12 Steps To A Turnkey Lifestyle

I gotta tell you guys, this week has been awesome!  Asides from locking in a really nice house for my family, I’ve spent a lot of time with my fiance and daughter.  We’ve taken trips to IKEA, remodeled parts of our home, and watched a lot of good movies.  On top of that I read a good book,  unlocked the AK-47 in Black Ops, and made it to the gym every day.

The best part of this week so far is that I’ve had wires, ach deposits, and checks come flooding in – with practically no work on my end.  All the while I’ve had a blast hanging out with my fiance and daughter.  Amazing times like these call for reflection.

For the past 1 1/2 years I have worked super hard.  Some night I worked till 2am and woke up at 6am just to repeat the schedule again.  The only breaks I took were to take care of my daughter (my fiance and parents have helped out a tremendous amount) and exercise.   I worked at this feverish rate 7 days a week.  There was no downtime.

Were personal relationships affected?   Hell yea they were.  My fiance almost left me.  My parents were up my ass.  And there were times that I felt that I just wasn’t giving my daughter everything I had.  It was a pretty bad feeling to see my daughter sleeping at night and know that I could have spent more time playing with her versus working.

At any rate, I was working toward a goal that my family now appreciates.  Not only are we secured financially, my entire business life is turnkey.   From taxes to customer support, everything is taken care of by other people.  It’s a strange feeling to wonder what I’m going to do with my time.  For the next several months the answer is pretty simple: focus on family and have fun.   Oh and if you’re a client or need to take on a project, fear not, your account is still a top priority and my staff is working hard for you.  I run a tight ship and everything from A-Z is handled.  My team makes me look very good – thanks guys, I love you!!!

I documented the 12 step process I took to a turnkey lifestyle in hopes of creating a better life for you and your family.  I promise you that if you follow it you will not only have more free time to do the things you love in life, you’ll make significantly more money with much less work:

1.  Give Up Control

In the E-Myth Revisited, Michael Gerber opened my eyes to one of the most important lessons in business: Give Up Control.   Have you ever wondered why that awesome shop in town never franchised out?  Why they remained a 1 location business yet could have absolutely killed it if they went mainstream?

The answer is that most small business owners play 3 roles: Entrepreneur, Manager, and Technician.   While every start-up with limited capital must play all 3 roles simultaneously, once things get rolling it is critical that you remove yourself from the technical and managerial roles.   Why?  Those roles bog you down.  Entrepreneurship requires creativity.  Creativity requires time.

I know of 2 really really sharp business leaders that are stuck playing the Managerial and Technical roles of their businesses.  One leader owns a well known service in the direct response space.  He actually takes all the sales calls to this date – mind boggling.  Just imagine how much time this takes up in the course of a day…and for as brilliant as this man is, if he only devoted more time to other activities his results would be scary good.  It’s too easy to hire a sales rep to take things over.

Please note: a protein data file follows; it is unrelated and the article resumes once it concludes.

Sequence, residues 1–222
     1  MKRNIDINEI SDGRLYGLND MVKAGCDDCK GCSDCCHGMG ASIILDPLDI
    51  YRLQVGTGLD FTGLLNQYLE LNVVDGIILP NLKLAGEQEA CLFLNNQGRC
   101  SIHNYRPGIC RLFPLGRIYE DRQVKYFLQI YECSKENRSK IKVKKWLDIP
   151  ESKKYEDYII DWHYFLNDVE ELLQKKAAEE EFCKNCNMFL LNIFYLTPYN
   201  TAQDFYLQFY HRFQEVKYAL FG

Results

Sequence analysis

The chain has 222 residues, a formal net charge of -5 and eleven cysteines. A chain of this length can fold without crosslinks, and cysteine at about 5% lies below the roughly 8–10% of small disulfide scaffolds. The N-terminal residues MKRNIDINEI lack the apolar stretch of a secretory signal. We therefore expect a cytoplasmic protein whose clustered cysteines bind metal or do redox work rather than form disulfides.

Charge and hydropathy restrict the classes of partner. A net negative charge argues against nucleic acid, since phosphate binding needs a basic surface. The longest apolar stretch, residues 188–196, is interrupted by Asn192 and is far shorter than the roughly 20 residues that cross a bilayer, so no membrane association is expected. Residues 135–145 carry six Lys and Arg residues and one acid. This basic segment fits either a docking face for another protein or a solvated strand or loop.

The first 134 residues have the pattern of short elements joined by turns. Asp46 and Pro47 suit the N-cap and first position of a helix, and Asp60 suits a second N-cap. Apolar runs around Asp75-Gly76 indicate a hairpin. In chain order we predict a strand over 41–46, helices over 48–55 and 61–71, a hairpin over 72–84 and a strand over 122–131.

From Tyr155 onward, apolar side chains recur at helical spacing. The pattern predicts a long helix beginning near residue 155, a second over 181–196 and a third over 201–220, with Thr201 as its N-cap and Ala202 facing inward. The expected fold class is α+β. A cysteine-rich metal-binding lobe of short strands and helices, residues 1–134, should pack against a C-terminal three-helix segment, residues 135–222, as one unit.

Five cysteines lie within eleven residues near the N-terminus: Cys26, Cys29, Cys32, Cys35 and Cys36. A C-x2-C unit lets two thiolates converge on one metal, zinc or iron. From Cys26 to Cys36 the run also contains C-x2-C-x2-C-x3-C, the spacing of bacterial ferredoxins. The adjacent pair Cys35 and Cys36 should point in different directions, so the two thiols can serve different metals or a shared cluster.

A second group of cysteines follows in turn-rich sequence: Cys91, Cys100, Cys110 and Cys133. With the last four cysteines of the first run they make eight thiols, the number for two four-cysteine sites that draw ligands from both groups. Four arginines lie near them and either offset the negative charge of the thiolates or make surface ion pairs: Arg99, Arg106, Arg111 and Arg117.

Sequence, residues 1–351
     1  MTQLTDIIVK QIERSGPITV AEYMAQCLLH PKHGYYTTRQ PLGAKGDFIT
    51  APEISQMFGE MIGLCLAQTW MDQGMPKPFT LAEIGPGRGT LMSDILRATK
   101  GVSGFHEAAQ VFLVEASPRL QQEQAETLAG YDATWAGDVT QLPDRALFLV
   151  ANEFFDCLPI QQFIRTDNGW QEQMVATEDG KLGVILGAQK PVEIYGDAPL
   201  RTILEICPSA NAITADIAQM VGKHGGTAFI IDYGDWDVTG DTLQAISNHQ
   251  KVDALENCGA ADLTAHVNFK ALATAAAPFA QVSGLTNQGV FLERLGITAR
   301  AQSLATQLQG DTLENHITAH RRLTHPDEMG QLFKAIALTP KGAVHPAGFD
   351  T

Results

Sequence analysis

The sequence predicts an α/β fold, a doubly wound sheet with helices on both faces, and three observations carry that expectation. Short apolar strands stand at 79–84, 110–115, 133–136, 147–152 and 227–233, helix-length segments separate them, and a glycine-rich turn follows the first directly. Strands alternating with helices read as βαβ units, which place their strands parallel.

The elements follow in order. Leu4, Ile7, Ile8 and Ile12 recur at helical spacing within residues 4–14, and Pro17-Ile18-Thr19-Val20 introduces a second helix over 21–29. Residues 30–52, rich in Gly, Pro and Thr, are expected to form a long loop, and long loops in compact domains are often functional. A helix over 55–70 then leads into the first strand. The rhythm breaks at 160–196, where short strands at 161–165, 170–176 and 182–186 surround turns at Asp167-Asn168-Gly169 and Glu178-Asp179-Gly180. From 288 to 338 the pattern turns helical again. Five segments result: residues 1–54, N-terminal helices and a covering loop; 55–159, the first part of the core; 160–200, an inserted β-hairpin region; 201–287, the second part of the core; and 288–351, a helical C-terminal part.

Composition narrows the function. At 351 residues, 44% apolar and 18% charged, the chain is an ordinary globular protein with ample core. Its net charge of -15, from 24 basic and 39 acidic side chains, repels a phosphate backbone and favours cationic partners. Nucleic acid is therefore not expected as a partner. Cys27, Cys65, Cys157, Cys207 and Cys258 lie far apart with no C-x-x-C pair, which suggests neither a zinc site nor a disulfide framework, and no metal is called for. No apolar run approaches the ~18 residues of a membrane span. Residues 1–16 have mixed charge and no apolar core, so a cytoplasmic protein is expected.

2.  Pay Others To Do Time Intensive Activities

– Cleaning
– Laundry
– Yard Maintenance
– Grocery Shopping
– Dishes
– Cooking
– Maintenace

If you have a really awesome wife (or husband if you’re the bread winner) that handles the above items kiss her feet.  I’m serious, bend over and kiss her feet.  Tell her you love her and that without her support you wouldn’t be a rockstar in your industry.   I tell my fiance every day how much I love her and appreciate her support.  I truly do and when we get married, I refuse to sign a prenup.  A lot of people think it’s crazy to go into a marriage without a prenup – I don’t.  Without the support of your significant other, and without agreed upon roles, there’s no way you’d have the time to take things to the next level.

– Taxes
– Bills

Hire a bookkeeper and accountant to pay all of your bills and do your taxes.  Leave it up to the pros, don’t waste your time on it.

3.   Use A Receptionist To Take All Calls

Buy 2 cell phones.  One phone is for your immediate family.  If your family is not respecting your office hours and starts constantly calling you, have their number blocked.  It’s harsh but they’ll need to respect your business time.

Your second line is for business only.  You can dial out, however all incoming calls are handled by a secretary.  Make it impossible for the secretary to forward calls to you.  They can only forward voicemails via email.  You are the one that makes the calls.  You do not receive them.

This is probably the most important step AND BY FAR THE HARDEST for most people.  It allows you to keep scheduled meetings and block interruptions.

4.  Never Agree To A Business Meeting That Is Not Scheduled

By following step 3 you make it impossible for people to call you directly.  If someone is not on your calendar and they attempt to hold an impromptu meeting with you, deny them.  Last week one of my employees asked me twice if I had read his email.  Seriously!  I pointed out that while he is a superstar, interruptions like that are unacceptable.  I read emails 2x a day, and unless the email was something that just couldn’t wait, he shouldn’t be bugging me.

Unless you’re making the call or are in the middle of getting something setup on a project, DO NOT ALLOW PEOPLE TO INTERRUPT YOU. Sorry for the all caps and bold – but this is a big point that you can’t afford to miss.  People that interrupt you do not respect your time.

Create barriers.   Make calls, don’t receive them.  Small distractions add up.

5.   Let Money Work For You, Don’t Work For It – Rich Dad/Poor Dad